These beneficiaries can be descendants, parents, maternal grandparents, stepchildren or a surviving spouse. However, each family situation is analyzed differently depending on the situation. This is where our expertise comes in handy to help you plan for any contingencies.

Estate Planning Basics

The basics of estate planning revolve around using an experienced attorney to help formulate a will, which is the cornerstone of the process, use trusts as complements to wills, understand the estate tax system, understand the issue of the executor, and choosing the right one, and ensuring the right beneficiaries benefit.

Wills and Estate Planning Insurance Points

As the cornerstone of estate planning, a will has to be comprehensive and legally formulated. We ensure the will is according to state laws: be of sound mind when preparing it and have witnesses as stipulated under the law. These legal documents can be handwritten, holographic, or nuncupative.

Estate Planning Trust

At Zapicchi & Liller, we also help you formulate a fiduciary arrangement where you allow a third party to hold your assets on behalf of beneficiaries. It removes the need for probate or other legal suits when you die thus protecting your family’s privacy. We advise our clients to use this arrangement to save on taxes, protect their families and protect a solid financial legacy.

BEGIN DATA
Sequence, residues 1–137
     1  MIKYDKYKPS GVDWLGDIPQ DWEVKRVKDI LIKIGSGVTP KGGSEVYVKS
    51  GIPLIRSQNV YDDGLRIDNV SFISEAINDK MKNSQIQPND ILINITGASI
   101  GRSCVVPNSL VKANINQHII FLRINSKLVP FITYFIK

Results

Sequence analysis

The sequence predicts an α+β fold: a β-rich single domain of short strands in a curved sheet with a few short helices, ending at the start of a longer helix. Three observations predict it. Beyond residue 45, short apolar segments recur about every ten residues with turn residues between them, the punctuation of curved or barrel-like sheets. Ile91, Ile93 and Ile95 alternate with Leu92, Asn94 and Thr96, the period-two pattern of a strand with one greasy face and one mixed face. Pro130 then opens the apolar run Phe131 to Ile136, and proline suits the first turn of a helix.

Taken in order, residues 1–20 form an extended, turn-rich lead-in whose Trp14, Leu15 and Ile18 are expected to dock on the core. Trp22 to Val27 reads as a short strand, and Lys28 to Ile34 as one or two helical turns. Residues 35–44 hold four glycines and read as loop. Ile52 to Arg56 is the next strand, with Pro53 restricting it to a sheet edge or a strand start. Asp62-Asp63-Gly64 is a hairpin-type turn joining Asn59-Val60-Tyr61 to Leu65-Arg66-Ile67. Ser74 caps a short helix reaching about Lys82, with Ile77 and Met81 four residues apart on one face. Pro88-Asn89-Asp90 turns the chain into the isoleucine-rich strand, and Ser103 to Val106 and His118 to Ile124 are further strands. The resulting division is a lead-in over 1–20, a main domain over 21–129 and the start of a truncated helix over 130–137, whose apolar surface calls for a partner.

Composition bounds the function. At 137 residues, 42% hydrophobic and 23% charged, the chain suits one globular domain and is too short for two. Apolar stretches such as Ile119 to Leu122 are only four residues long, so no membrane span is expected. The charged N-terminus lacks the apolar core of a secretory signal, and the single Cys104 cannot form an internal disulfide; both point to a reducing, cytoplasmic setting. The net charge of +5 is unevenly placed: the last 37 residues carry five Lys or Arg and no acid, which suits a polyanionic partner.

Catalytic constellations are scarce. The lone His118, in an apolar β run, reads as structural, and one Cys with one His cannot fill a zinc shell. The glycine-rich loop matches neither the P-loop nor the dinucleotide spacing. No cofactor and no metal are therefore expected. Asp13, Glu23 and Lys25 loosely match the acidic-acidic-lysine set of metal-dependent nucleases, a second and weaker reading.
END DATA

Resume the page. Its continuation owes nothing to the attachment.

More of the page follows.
Call us at (609) 318-3990 for our experience and knowledge in creating wills.

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Trusted Defense Against a Wide Range of Criminal Allegations

  • Burglary

  • Disorderly Conduct

  • Drug Charges

  • Sex Crimes
  • Identity Theft

  • Insurance Fraud

  • Drug Crimes

  • Juvenile Crimes

  • Obstruction of Justice

  • Violent Crimes

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  • Disorderly Conduct

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  • Drug Charges

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  • Sex Crimes
  • Identity Theft

  • Insurance Fraud

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  • Juvenile Crimes

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  • Violent Crimes

  • Resisting Arrest

  • Shoplifting

  • Weapon Possession